Pro*vi"sion (?), n. [L. provisio: cf. F. provision. See Provide.]

1.

The act of providing, or making previous preparation.

Shak.

2.

That which is provided or prepared; that which is brought together or arranged in advance; measures taken beforehand; preparation.

Making provision for the relief of strangers. Bacon.

3.

Especially, a stock of food; any kind of eatables collected or stored; -- often in the plural.

And of provisions laid in large, For man and beast. Milton.

4.

That which is stipulated in advance; a condition; a previous agreement; a proviso; as, the provisions of a contract; the statute has many provisions.

5. R. C. Ch.

A canonical term for regular induction into a benefice, comprehending nomination, collation, and installation.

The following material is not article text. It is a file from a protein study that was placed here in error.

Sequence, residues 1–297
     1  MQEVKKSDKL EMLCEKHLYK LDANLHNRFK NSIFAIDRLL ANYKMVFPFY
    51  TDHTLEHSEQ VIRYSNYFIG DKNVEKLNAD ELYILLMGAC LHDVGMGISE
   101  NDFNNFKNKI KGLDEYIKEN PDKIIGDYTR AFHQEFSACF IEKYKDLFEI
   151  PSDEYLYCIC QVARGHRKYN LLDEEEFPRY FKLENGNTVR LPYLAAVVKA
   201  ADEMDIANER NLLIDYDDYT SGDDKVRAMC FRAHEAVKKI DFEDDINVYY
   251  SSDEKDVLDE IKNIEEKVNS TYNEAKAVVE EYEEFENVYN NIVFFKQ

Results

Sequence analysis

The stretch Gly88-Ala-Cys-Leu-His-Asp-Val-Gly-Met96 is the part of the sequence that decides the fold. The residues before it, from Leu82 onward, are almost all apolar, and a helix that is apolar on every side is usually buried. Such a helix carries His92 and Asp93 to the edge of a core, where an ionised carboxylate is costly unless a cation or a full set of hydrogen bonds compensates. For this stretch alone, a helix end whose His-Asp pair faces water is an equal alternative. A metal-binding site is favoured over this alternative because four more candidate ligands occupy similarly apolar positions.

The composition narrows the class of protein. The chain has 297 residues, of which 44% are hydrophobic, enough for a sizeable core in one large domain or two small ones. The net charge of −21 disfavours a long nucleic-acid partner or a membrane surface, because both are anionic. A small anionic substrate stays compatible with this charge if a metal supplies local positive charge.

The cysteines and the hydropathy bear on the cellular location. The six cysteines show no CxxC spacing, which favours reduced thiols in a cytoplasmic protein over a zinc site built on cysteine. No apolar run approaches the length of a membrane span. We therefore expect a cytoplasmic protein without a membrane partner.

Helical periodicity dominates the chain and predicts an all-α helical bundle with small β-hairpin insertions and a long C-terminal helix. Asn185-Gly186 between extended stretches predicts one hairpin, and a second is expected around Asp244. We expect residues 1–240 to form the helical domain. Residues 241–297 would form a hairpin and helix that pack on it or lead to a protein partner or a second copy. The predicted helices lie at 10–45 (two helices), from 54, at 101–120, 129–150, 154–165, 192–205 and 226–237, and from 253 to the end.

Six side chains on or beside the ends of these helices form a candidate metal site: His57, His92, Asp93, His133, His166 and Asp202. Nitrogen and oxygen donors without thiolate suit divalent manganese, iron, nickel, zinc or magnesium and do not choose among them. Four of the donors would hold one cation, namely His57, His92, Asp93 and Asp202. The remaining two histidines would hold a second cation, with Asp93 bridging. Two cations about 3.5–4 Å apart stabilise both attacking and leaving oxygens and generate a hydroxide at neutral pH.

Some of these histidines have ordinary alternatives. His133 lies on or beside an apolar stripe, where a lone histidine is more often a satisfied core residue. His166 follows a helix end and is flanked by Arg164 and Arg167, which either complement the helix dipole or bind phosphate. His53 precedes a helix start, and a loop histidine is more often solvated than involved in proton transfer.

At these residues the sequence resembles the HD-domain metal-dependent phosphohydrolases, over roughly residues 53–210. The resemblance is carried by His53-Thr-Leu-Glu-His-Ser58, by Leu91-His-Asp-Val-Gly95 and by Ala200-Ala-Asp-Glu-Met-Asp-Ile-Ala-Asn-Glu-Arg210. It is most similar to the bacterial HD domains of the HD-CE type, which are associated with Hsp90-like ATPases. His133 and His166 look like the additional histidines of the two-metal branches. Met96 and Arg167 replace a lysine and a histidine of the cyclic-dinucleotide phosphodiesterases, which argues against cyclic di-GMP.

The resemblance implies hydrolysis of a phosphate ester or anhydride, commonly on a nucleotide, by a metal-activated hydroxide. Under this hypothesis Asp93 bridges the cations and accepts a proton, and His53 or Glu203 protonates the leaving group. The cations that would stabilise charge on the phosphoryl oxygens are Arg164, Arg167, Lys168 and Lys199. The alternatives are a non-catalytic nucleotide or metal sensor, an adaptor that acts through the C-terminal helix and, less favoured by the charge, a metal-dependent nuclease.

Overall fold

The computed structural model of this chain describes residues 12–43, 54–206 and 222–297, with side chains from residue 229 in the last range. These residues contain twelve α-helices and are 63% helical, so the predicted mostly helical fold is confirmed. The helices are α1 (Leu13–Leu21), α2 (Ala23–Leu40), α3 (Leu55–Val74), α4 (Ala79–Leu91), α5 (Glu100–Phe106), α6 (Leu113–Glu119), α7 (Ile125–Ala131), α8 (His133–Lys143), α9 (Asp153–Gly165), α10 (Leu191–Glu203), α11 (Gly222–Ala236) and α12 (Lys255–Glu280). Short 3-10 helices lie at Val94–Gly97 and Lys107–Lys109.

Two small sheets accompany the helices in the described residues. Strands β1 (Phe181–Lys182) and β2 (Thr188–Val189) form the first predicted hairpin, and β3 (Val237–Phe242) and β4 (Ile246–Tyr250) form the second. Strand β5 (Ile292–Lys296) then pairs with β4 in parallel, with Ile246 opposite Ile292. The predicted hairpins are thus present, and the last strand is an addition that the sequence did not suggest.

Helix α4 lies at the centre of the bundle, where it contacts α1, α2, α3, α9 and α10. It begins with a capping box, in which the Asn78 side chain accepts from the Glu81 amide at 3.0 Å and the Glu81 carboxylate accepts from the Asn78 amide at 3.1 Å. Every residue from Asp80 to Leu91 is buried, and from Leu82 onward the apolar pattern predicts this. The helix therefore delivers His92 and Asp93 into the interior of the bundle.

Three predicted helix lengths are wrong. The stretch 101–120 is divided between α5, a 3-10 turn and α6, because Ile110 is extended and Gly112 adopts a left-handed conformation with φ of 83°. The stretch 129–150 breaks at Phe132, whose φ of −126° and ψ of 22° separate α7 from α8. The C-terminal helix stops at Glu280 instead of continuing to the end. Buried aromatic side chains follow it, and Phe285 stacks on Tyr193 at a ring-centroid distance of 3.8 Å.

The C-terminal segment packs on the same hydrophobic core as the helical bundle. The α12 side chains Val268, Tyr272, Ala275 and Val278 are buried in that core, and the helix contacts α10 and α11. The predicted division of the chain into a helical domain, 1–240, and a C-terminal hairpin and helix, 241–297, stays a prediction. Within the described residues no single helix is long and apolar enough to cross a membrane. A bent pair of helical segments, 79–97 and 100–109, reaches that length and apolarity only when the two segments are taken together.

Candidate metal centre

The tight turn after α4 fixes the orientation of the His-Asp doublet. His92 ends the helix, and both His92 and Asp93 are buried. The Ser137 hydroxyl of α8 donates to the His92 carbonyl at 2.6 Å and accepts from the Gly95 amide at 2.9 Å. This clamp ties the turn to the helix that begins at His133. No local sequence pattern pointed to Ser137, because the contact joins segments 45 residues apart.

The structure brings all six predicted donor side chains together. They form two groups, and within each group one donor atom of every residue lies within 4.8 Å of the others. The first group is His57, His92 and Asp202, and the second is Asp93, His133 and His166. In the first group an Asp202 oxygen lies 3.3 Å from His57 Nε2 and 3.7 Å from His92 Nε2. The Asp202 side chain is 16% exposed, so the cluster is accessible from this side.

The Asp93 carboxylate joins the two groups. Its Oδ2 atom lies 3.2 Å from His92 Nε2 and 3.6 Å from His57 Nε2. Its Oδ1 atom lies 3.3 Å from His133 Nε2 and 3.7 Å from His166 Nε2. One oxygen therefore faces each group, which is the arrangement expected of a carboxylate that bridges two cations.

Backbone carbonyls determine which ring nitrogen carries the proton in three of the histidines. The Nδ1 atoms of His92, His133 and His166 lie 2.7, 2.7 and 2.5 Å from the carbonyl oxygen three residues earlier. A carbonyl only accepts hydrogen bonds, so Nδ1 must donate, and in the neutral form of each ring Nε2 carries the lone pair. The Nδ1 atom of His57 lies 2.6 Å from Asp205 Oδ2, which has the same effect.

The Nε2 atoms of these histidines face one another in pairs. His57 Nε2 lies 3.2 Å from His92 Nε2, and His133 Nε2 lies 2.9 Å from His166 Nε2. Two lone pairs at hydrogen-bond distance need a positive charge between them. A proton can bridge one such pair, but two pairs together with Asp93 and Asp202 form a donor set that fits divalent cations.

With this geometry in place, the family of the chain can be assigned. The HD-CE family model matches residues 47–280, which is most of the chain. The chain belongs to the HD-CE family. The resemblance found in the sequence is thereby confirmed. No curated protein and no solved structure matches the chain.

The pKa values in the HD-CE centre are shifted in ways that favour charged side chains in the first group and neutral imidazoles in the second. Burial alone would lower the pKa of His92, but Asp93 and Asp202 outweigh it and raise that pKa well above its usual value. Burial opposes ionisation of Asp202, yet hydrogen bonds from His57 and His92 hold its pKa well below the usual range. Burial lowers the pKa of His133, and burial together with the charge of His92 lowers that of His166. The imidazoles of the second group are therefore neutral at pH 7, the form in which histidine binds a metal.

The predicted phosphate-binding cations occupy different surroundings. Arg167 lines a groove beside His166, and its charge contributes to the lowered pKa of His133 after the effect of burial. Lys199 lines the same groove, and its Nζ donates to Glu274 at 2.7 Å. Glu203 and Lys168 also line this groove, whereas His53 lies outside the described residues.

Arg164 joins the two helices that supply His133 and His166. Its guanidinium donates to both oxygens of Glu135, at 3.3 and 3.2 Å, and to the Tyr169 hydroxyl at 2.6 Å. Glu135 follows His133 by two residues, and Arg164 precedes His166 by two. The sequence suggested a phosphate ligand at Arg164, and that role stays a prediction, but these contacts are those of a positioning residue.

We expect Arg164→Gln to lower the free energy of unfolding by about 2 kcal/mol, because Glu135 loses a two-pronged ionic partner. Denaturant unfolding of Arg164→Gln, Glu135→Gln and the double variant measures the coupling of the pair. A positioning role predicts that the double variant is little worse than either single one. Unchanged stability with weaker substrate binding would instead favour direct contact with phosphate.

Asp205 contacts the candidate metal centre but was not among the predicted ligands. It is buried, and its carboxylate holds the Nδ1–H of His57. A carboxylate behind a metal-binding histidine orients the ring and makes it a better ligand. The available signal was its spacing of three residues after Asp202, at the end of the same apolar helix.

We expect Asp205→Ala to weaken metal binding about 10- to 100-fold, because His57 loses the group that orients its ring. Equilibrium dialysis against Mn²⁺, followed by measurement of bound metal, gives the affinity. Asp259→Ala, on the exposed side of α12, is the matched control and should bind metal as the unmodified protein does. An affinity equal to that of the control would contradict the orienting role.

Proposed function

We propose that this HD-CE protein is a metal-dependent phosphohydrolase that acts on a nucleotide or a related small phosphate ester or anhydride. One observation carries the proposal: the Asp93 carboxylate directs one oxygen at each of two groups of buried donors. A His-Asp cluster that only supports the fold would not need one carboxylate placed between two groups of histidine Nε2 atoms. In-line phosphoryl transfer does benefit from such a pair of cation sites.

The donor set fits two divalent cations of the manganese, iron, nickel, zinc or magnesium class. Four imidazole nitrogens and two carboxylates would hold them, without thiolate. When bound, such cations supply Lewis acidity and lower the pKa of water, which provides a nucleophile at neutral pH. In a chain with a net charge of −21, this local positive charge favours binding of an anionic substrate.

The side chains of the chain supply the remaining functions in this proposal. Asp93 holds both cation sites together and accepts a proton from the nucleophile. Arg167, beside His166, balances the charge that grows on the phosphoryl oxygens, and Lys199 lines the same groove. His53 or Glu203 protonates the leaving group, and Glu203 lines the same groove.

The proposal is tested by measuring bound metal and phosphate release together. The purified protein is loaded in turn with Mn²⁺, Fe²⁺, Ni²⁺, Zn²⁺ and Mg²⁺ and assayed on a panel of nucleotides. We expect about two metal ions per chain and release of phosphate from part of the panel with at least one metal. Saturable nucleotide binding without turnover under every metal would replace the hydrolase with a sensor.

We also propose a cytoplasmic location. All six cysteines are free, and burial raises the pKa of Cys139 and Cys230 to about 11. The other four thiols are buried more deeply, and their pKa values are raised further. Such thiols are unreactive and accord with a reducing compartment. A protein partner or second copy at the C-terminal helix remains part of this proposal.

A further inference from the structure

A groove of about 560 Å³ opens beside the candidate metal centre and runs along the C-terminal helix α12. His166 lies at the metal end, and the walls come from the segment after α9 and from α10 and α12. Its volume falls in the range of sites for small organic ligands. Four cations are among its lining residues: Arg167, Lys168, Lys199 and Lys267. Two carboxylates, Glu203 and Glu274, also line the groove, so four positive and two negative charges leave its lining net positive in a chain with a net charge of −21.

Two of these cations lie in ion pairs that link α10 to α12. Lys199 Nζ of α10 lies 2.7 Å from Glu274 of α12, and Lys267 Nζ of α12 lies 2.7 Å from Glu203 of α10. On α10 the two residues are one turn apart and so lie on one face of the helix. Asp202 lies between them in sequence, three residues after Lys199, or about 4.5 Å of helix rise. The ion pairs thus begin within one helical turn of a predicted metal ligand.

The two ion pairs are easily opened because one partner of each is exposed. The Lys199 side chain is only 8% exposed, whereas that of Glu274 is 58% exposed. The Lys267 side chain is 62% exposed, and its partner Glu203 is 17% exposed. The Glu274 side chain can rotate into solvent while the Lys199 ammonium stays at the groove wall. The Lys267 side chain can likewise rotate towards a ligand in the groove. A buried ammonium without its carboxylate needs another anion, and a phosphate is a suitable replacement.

6. Eng. Hist.

A nomination by the pope to a benefice before it became vacant, depriving the patron of his right of presentation.

Blackstone.

 

© Webster 1913.


Pro*vi"sion (?), v. t. [imp. & p. p. Provisioned (?); p. pr. & vb. n. Provisioning.]

To supply with food; to victual; as, to provision a garrison.

They were provisioned for a journey. Palfrey.

 

© Webster 1913.

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